Finland, “Tom of Finland,” Dome Karukoski, director
France, “BPM (Beats Per Minute),” Robin Campillo, director
Georgia, “Scary Mother,” Ana Urushadze, director
Germany, “In the Fade,” Fatih Akin, director
Greece, “Amerika Square,” Yannis Sakaridis, director
Haiti, “Ayiti Mon Amour,” Guetty Felin, director
Honduras, “Morazán,” Hispano Durón, director
Hong Kong, “Mad World,” Wong Chun, director
Hungary, “On Body and Soul,” Ildikó Enyedi, director
Iceland, “Under the Tree,” Hafsteinn Gunnar Sigurðsson, director
India, “Newton,” Amit V Masurkar, director
Indonesia, “Turah,” Wicaksono Wisnu Legowo, director
Iran, “Breath,” Narges Abyar, director
Iraq, “Reseba – The Dark Wind,” Hussein Hassan, director
Ireland, “Song of Granite,” Pat Collins, director
Israel, “Foxtrot,” Samuel Maoz, director
Italy, “A Ciambra,” Jonas Carpignano, director
Japan, “Her Love Boils Bathwater,” Ryota Nakano, director
Kazakhstan, “The Road to Mother,” Akhan Satayev, director
Kenya, “Kati Kati,” Mbithi Masya, director
Kosovo, “Unwanted,” Edon Rizvanolli, director
Kyrgyzstan, “Centaur,” Aktan Arym Kubat, director
Lao People’s Democratic Republic, “Dearest Sister,” Mattie Do, director
Latvia, “The Chronicles of Melanie,” Viestur Kairish, director
Lebanon, “The Insult,” Ziad Doueiri, director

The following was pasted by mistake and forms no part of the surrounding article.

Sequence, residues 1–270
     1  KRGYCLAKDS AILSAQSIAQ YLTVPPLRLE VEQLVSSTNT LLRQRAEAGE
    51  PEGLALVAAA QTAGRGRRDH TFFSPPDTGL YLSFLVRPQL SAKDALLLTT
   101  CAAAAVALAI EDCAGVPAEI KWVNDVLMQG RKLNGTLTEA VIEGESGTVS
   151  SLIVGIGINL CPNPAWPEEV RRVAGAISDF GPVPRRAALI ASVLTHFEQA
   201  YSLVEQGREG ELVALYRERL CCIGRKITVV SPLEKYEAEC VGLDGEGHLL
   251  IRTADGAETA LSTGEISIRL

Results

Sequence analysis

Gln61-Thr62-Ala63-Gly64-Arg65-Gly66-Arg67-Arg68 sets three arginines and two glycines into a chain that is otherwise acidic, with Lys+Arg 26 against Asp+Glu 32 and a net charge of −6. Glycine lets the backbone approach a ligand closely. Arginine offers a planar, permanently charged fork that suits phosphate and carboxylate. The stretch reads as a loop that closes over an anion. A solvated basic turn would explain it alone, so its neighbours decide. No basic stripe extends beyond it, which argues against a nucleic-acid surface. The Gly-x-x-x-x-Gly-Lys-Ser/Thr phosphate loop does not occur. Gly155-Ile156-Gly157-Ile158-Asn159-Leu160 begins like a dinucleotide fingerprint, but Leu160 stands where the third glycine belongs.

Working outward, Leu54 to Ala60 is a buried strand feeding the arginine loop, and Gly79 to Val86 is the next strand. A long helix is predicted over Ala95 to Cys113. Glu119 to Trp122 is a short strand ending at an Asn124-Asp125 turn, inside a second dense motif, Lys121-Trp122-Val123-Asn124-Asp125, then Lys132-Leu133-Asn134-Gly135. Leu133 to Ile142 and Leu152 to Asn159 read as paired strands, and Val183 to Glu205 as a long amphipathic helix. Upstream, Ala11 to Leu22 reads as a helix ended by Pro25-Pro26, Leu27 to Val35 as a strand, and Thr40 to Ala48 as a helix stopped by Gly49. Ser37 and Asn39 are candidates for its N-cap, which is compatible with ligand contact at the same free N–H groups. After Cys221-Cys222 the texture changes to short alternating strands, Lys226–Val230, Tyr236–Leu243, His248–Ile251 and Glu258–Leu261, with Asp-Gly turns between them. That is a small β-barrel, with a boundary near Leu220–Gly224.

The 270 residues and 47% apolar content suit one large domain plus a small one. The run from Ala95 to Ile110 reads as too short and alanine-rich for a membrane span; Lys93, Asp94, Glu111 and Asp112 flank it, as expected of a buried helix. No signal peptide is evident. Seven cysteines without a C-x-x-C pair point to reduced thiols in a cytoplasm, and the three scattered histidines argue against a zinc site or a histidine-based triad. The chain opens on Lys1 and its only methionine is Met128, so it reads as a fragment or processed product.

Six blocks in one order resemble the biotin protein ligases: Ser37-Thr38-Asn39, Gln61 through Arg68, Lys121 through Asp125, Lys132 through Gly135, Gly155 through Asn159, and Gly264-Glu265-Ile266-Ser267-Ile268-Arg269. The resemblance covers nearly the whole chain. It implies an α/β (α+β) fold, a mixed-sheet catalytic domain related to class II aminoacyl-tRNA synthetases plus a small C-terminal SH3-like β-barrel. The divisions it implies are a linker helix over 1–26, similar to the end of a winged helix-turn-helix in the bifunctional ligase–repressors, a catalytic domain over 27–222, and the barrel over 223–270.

Lithuania, “Frost,” Sharunas Bartas, director
Luxembourg, “Barrage,” Laura Schroeder, director
Mexico, “Tempestad,” Tatiana Huezo, director
Mongolia, “The Children of Genghis,” Zolbayar Dorj, director
Morocco, “Razzia,” Nabil Ayouch, director
Mozambique, “The Train of Salt and Sugar,” Licinio Azevedo, director
Nepal, “White Sun,” Deepak Rauniyar, director
Netherlands, “Layla M.,” Mijke de Jong, director
New Zealand, “One Thousand Ropes,” Tusi Tamasese, director
Norway, “Thelma,” Joachim Trier, director
Pakistan, “Saawan,” Farhan Alam, director
Palestine, “Wajib,” Annemarie Jacir, director
Panama, “Beyond Brotherhood,” Arianne Benedetti, director
Paraguay, “Los Buscadores,” Juan Carlos Maneglia, Tana Schembori, directors
Peru, “Rosa Chumbe,” Jonatan Relayze, director
Philippines, “Birdshot,” Mikhail Red, director
Poland, “Spoor,” Agnieszka Holland, Kasia Adamik, directors
Portugal, “Saint George,” Marco Martins, director
Romania, “Fixeur,” Adrian Sitaru, director
Russia, “Loveless,” Andrey Zvyagintsev, director
Senegal, “Félicité,” Alain Gomis, director
Serbia, “Requiem for Mrs. J.,” Bojan Vuletic, director
Singapore, “Pop Aye,” Kirsten Tan, director
Slovakia, “The Line,” Peter Bebjak, director
Slovenia, “The Miner,” Hanna A. W. Slak, director
South Africa, “The Wound,” John Trengove, director
South Korea, “A Taxi Driver,” Jang Hoon, director
Spain, “Summer 1993,” Carla Simón, director
Sweden, “The Square,” Ruben ?-stlund, director
Switzerland, “The Divine Order,” Petra Volpe, director
Syria, “Little Gandhi,” Sam Kadi, director
Taiwan, “Small Talk,” Hui-Chen Huang, director
Thailand, “By the Time It Gets Dark,” Anocha Suwichakornpong, director
Tunisia, “The Last of Us,” Ala Eddine Slim, director
Turkey, “Ayla: The Daughter of War,” Can Ulkay, director
Ukraine, “Black Level,” Valentyn Vasyanovych, director
United Kingdom, “My Pure Land,” Sarmad Masud, director
Uruguay, “Another Story of the World,” Guillermo Casanova, director
Venezuela, “El Inca,” Ignacio Castillo Cottin, director
Vietnam, “Father and Son,” Luong Dinh Dung, director